Tort law is often regarded as the clearest example of traditional common law reasoning. Yet, in the past 40 years, the common law of England and Wales has been subject to European influences as a result of the introduction of the European Communities Act 1972 and, more recently, the implementation of the Human Rights Act 1998 in October 2000. EU Directives have led to changes to the law relating to product liability, health and safety in the workplace, and defamation, while Francovich liability introduces a new tort imposing State liability for breach of EU law. The 1998 Act has led to developments in privacy law and made the courts reconsider their approach to public authority liability and freedom of expression in defamation law. This book explores how English tort law has changed as a result of Europeanisation - broadly defined as the influence of European Union and European human rights law. It also analyses how this influence has impacted on traditional common law reasoning. Has Europeanisation led to changes to the common law legal tradition or has the latter proved more resistant to change than might have been expected?
The Research Handbook on EU Tort Law focuses on the study of the law of tort/delict/non-contractual liability of the European Union and examines the institutional liability of the EU, Francovich liability, and liability arising from a variety of EU secondary legislation (directives/regulations). The impact of EU tort law on national legal systems is wide-ranging, covering areas such as consumer law, competition law, data protection law, employment law, insurance law and financial services law. It also discusses the potential development of a European culture of tort law and harmonisation. This comprehensive Research Handbook contains contributions from leading authors in their field, representing a cross-section of European jurisdictions. It offers an authoritative reference point for academics, students and practitioners studying or working in this field, but one which is also accessible for those approaching the subject for the first time.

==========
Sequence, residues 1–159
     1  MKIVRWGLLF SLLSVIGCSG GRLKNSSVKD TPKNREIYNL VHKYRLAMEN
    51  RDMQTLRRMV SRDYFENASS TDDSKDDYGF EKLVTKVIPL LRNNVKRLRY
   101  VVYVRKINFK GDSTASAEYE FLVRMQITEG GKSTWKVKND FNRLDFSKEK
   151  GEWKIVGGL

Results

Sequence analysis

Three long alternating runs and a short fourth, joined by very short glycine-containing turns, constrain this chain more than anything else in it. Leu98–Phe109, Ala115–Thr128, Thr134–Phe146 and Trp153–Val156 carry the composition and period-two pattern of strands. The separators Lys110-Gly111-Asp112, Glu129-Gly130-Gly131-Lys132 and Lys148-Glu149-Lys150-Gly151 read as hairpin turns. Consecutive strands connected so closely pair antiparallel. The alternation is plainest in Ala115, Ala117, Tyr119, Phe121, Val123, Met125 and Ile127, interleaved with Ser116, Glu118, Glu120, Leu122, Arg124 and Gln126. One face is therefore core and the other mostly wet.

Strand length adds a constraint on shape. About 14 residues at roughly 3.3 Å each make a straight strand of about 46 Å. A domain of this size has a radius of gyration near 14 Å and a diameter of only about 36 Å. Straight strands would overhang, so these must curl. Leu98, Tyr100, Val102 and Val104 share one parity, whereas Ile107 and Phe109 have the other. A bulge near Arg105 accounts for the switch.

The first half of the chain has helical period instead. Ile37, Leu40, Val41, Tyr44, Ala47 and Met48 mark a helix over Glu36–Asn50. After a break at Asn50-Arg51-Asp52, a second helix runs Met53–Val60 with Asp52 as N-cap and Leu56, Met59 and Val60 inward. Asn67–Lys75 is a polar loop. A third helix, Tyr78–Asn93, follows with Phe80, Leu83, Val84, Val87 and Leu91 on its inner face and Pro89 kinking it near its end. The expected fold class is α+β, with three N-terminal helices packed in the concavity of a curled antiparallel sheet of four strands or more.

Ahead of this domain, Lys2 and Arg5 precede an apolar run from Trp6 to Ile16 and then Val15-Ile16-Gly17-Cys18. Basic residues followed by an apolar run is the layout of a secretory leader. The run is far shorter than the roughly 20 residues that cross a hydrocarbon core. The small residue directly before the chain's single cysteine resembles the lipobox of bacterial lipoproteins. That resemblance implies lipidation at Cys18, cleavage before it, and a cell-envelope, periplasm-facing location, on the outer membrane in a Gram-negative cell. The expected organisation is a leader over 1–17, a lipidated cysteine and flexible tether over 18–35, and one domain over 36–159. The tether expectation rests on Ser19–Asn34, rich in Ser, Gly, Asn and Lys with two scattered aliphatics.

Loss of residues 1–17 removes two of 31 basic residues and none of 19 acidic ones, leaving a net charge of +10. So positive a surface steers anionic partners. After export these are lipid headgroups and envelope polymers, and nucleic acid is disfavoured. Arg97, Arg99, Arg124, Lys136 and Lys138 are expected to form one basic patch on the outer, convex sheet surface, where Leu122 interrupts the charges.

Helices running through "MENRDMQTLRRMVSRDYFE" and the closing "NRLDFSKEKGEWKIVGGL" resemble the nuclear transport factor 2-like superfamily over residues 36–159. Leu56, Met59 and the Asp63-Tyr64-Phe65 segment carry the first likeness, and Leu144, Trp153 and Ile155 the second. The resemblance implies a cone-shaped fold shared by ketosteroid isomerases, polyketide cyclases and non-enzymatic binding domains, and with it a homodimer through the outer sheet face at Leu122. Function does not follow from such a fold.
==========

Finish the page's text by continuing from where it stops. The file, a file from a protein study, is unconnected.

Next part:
The sixth edition of this market-leading tort law text provides a complete, authoritative guide to the subject. It combines clear overviews of the law with extracts from cases and materials supported by insightful commentary.
The development of private law across the common law world is typically portrayed as a series of incremental steps, each one delivered as a result of judges dealing with marginally different factual circumstances presented to them for determination. This is said to be the common law method. According to this process, change might be assumed to be gradual, almost imperceptible. If this were true, however, then even Darwinian-style evolution – which is subject to major change-inducing pressures, such as the death of the dinosaurs – would seem unlikely in the law, and radical and revolutionary paradigms shifts perhaps impossible. And yet the history of the common law is to the contrary. The legal landscape is littered with quite remarkable revolutionary and evolutionary changes in the shape of the common law. The essays in this volume explore some of the highlights in this fascinating revolutionary and evolutionary development of private law. The contributors expose the nature of the changes undergone and their significance for the future direction of travel. They identify the circumstances and the contexts which might have provided an impetus for these significant changes. The essays range across all areas of private law, including contract, tort, unjust enrichment and property. No area has been immune from development. That fact itself is unsurprising, but an extended examination of the particular circumstances and contexts which delivered some of private law's most important developments has its own special significance for what it might indicate about the shape, and the shaping, of private law regimes in the future.